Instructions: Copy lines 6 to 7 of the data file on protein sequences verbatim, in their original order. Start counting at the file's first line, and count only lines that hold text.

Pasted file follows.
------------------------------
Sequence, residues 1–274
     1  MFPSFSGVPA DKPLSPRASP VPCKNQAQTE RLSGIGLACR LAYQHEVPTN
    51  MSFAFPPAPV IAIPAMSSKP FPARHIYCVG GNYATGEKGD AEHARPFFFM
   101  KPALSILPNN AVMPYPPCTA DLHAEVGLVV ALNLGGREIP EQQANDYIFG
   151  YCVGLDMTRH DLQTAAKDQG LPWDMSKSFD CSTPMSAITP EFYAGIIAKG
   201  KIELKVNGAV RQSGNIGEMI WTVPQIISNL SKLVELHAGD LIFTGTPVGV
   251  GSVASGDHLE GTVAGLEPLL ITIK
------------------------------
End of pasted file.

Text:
   201  KIELKVNGAV RQSGNIGEMI WTVPQIISNL SKLVELHAGD LIFTGTPVGV
   251  GSVASGDHLE GTVAGLEPLL ITIK